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Women, Gender, Sexuality and Beyondleft

Women, Gender, Sexuality and Beyond

The Program in Women’s Studies launched in 1975. That was just the beginning of a larger conversation that continues to this day, as conceptions of gender and sexuality continue to evolve 

It was 1969, and change was in the air.  

Six years after the publication of Betty Friedan’s blockbuster social commentary The Feminine Mystique, and three years after the founding of the National Organization for Women, a group of female Northwestern faculty members and graduate students began asking the same kinds of questions that were reverberating throughout society.  

Nearly half the students at Northwestern were female, but why were there so few tenured female professors? How did their salaries compare with those of their male peers? What could be done to support the graduate students who wanted to have children and a rewarding academic career?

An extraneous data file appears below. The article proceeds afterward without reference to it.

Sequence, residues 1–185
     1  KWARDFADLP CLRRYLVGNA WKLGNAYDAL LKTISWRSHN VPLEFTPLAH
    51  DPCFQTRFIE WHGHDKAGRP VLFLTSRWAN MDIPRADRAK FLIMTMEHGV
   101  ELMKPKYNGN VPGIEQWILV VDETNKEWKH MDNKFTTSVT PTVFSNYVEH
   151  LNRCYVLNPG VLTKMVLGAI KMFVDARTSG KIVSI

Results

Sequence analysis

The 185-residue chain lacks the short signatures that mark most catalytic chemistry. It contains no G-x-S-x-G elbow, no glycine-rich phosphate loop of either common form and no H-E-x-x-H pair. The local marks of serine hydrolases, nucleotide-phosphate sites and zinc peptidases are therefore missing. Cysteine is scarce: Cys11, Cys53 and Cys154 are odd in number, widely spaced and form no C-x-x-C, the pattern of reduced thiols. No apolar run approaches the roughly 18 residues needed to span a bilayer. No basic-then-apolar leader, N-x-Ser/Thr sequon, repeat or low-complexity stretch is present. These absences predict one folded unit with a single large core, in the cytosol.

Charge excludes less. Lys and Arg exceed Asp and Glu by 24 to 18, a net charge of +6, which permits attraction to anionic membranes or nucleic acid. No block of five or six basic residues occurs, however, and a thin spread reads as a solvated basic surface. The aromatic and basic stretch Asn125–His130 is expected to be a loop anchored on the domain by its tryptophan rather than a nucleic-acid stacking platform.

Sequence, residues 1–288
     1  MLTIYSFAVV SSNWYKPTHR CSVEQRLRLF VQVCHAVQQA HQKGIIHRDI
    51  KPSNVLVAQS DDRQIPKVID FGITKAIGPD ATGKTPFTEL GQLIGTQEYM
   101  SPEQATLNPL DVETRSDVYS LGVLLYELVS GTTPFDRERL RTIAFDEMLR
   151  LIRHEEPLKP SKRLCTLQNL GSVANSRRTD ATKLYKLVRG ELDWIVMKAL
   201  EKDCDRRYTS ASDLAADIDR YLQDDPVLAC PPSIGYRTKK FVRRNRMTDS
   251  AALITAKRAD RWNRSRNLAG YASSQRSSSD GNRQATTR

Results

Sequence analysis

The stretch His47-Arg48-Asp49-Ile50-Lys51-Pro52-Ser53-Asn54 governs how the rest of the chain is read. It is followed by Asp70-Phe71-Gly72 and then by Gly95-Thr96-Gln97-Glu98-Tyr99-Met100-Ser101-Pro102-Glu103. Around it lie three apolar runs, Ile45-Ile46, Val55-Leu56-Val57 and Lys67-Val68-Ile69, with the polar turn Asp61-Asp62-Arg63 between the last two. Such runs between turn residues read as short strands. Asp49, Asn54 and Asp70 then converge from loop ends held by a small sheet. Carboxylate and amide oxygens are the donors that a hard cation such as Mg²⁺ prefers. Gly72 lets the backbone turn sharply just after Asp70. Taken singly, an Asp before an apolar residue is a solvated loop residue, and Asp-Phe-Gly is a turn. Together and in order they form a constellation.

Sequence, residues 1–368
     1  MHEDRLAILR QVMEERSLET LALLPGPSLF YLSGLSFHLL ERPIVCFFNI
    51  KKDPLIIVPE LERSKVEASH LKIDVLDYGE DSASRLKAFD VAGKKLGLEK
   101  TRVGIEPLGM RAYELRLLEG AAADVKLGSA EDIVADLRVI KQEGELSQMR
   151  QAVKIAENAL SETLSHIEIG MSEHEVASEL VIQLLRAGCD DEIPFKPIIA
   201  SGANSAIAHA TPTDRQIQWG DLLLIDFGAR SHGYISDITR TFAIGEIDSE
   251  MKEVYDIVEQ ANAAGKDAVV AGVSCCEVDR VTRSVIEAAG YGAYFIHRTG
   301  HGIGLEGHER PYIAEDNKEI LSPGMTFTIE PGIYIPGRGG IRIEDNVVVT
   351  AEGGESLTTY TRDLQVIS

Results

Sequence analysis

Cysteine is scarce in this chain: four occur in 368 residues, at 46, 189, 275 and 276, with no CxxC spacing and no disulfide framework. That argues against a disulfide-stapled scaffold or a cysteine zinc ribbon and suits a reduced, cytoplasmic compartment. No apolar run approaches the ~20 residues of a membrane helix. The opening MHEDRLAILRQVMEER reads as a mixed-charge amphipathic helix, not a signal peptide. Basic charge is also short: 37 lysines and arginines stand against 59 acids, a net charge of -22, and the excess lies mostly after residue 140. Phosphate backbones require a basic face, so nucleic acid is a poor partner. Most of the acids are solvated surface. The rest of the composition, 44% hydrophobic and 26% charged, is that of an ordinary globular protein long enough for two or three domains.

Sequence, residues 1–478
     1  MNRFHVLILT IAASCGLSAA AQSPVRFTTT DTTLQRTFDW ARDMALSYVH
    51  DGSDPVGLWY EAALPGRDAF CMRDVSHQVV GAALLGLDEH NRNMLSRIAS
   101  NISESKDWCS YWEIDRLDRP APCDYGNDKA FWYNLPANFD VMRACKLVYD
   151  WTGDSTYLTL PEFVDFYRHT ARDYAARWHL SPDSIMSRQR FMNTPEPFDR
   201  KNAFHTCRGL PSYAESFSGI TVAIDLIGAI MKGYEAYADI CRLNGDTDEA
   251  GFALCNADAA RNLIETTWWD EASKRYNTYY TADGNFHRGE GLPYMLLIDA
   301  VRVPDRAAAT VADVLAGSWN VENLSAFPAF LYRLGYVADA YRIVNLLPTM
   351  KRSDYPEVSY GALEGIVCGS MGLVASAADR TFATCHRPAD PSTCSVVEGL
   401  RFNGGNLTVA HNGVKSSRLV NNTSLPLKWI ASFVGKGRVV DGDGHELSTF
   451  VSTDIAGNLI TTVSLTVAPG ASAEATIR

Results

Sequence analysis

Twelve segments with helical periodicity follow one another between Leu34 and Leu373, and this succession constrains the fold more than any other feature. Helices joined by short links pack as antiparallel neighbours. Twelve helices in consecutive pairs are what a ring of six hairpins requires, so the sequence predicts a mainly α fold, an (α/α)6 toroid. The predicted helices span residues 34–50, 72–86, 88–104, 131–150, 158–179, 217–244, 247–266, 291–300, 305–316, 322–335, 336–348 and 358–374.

At Northwestern and elsewhere, these informal discussions became an organized movement for change, resulting in the founding of the Women’s Studies Program in 1975. But that was only the beginning of a larger conversation that continues to this day, as conceptions of gender and sexuality continue to evolve.  

Those changes are reflected in the very name of the program, which became known as the Gender Studies Program in 2000 and then the Gender & Sexuality Studies Program in 2012. As the program has broadened its scope, other programs and departments at Northwestern have followed suit, weaving discussions about gender and sexuality into courses far afield from the social sciences.